Coastal Management | Adaptation | Policy

February 15, 2024

"Living Shoreline" large dome artificial reefs are ready to be positioned off the coast of Florida (by Amanda Nalley, courtesy of Florida Fish and Wildlife via Flickr).

Hurricane Idalia shows nature may provide the best shoreline protection – NPR

CEDAR KEY, Fla. — When Hurricane Idalia slammed into Florida’s Gulf Coast in August, one of the hardest hit areas was Cedar Key.

nearly 7-foot storm surge battered the small fishing community, flooding a third of the buildings on the island. In a new report, the National Oceanic and Atmospheric Administration says Idalia caused an estimated $3.6 billion in damage, most of it in Florida’s Big Bend region. But on Cedar Key, when the water receded, scientists found some good news amid all the damage.

Nature-based “living shoreline” projects built to protect roads, buildings and other structures were relatively undamaged.

On Cedar Key over the past several years, a team of researchers from the University of Florida has used a variety of tools to mimic nature. Instead of building seawalls and jetties, they’ve brought in sand, put in marsh plants and used artificial reefs to encourage the growth of oyster beds offshore.

People who live on the tiny island year-round are no strangers to storm surge and flooding. Because it’s so low and close to the water, the town sees flooding during even small storms. In 2016, Hurricane Hermine brought then-record storm surge and flooding. Savanna Barry, an extension agent and researcher with the University of Florida, says that with that history, the devastation of Hurricane Idalia wasn’t unexpected. “Shocking’s not really the right word, but certainly overwhelming,” she says. “But we were happy to see the living shorelines had relatively little damage.”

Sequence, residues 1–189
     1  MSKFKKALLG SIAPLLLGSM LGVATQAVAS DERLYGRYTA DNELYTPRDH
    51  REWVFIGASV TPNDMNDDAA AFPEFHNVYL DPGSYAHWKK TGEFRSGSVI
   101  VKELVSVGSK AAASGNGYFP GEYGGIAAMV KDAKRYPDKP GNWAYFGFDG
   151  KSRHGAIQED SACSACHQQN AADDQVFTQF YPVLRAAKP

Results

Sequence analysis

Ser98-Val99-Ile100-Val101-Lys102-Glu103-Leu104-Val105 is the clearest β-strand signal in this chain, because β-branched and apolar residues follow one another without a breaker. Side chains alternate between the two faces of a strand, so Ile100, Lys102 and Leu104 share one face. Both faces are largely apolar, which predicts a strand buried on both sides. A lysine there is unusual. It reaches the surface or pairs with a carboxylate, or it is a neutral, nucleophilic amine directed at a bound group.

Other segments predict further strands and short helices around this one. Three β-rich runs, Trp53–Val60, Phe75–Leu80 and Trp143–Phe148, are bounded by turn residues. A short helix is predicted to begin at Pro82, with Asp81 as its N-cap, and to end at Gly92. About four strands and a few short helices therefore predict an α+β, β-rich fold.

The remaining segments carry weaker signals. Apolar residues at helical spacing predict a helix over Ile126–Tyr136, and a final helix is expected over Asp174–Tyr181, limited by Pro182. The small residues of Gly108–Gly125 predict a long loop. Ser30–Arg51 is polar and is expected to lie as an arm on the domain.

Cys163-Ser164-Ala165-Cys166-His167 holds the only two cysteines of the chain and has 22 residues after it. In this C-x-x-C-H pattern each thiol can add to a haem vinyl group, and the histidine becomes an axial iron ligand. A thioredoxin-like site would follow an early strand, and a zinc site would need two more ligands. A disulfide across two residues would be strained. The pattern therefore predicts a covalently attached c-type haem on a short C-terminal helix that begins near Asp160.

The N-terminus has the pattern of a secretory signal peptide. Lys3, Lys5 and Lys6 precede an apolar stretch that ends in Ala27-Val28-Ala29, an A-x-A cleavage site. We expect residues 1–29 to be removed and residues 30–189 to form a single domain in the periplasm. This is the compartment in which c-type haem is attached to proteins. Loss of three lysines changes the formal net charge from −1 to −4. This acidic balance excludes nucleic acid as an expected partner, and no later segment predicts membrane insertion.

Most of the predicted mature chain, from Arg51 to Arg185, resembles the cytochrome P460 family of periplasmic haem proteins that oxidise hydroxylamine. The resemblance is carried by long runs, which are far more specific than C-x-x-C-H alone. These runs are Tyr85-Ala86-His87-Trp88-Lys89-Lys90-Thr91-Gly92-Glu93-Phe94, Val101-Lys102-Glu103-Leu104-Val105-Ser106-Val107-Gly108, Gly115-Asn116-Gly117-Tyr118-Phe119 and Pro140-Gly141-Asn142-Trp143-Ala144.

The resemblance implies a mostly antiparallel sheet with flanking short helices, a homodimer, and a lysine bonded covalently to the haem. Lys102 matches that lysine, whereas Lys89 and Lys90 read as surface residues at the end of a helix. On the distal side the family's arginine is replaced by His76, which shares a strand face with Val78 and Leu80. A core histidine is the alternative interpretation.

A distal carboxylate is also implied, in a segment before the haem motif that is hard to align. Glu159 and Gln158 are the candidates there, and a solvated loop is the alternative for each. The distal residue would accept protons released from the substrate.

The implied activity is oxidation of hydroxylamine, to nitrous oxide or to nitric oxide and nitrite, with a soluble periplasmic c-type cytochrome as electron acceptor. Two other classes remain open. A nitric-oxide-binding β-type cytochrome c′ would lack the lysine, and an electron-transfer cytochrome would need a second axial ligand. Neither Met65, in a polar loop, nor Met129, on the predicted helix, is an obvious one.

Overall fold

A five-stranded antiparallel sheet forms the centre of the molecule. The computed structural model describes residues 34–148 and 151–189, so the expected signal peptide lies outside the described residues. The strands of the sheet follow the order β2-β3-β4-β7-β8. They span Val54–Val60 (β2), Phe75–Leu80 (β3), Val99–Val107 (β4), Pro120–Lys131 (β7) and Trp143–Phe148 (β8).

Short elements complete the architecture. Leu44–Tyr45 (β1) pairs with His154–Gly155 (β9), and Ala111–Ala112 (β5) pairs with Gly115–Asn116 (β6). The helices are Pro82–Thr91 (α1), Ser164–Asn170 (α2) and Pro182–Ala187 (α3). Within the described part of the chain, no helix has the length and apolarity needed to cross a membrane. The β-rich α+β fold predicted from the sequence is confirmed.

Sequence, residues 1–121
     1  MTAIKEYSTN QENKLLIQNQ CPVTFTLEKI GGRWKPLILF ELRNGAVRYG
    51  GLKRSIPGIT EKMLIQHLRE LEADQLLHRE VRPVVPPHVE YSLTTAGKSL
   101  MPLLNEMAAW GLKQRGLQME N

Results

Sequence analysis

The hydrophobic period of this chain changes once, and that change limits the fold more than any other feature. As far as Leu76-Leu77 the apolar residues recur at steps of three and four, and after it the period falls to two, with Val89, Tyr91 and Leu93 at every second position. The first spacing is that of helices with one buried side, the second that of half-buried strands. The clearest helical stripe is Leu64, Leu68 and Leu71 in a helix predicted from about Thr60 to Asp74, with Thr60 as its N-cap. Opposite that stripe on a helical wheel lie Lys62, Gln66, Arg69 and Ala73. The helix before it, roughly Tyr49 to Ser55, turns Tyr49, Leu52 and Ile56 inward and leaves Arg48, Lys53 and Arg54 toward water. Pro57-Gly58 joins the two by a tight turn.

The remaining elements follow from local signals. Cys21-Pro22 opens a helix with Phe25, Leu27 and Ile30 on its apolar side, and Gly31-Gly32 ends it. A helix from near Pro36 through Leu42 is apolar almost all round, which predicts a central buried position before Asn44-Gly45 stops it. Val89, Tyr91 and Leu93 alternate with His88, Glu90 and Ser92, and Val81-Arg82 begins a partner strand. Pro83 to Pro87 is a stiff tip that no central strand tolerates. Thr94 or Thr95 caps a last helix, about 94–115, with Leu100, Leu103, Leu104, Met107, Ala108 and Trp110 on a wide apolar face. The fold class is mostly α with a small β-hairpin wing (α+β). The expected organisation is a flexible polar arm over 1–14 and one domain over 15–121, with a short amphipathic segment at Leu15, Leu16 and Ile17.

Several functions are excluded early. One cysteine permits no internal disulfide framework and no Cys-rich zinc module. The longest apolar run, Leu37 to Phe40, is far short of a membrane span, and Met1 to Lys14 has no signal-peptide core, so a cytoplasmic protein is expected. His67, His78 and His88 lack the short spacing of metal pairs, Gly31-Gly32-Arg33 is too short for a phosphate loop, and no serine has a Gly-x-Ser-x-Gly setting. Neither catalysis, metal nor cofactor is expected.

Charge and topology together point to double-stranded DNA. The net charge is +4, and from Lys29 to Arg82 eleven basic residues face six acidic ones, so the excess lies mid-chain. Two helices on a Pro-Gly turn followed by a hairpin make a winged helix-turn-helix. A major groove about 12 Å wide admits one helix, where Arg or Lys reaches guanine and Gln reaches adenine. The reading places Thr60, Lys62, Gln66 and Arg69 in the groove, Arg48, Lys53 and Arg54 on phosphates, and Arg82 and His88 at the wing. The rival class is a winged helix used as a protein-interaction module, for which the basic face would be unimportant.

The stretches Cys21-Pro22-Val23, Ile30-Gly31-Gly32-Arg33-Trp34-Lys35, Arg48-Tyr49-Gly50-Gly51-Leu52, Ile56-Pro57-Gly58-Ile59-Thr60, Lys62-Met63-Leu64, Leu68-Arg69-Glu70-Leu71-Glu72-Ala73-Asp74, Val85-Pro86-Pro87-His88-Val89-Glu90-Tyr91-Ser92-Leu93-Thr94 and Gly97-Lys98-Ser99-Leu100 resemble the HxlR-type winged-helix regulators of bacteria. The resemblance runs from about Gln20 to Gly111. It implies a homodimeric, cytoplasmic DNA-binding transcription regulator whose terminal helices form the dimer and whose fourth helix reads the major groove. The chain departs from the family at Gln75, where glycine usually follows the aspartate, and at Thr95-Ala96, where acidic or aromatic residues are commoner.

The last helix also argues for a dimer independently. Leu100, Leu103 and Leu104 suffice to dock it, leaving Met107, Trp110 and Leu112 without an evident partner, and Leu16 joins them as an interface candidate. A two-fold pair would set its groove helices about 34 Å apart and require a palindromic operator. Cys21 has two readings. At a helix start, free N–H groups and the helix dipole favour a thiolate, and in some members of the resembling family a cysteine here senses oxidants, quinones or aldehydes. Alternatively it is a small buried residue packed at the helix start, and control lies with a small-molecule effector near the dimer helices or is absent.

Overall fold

Near the island’s western edge recently, Barry checked up on one of the living shoreline projects. Just a day before this visit, a storm system in the Gulf brought high winds, damaging surf and minor flooding to this part of the island. “But you see this debris line, how it bends towards this vegetated area,” Barry says. “That’s really showing you how this is affecting that wave power.”

That’s what living shorelines do. They don’t reduce the height of a storm surge or stop the waves from coming ashore. But they absorb and reduce the energy of incoming waves. Barry says that provides significant protection to roads, buildings and other structures onshore. “Even if they do still get flooded, they may not get as battered by wave energy,” she says…

– UF IFAS Nature Coast Biological Station (06-16-2020)


More on Coastal Management + Adaptation . . .

Mediterranean style beach cottages at Capitola-by-the-Sea. The lagoon is formed by Soquel Creek. California, Capitola. 2003 October (Courtesy of NOAA Photo Library, photo by Captain Albert E. Theberge, NOAA Corps (ret.) CC BY 2.0 DEED via Flickr).

Lessons from California on How to Adapt to Sea Level Rise – NPR | On Point with Meghna Chakrabarti

The Pacific Ocean off the California coast could rise more than six feet by the end of this century, according to some estimates…
Guests: Rosanna Xia, environmental reporter for the LA Times. Author of “California Against the Sea: Visions for our Vanishing Coastline.”
A.R. Siders, director of the Climate Change Hub and professor on climate change adaptation at the University of Delaware.

Plum Island, Merrimack River entrance, 40 minutes after high tide, January 23, 2023 (courtesy of Massachusetts the Office of Coastal Management via

A sea change on managed retreat? – CommonWealth Journal

As waters rise, coastal residents are increasingly facing a difficult choice: try to relocate in a difficult housing market and take losses on their homes, or get comfortable with a future where there may be multiple feet of water in their living rooms…

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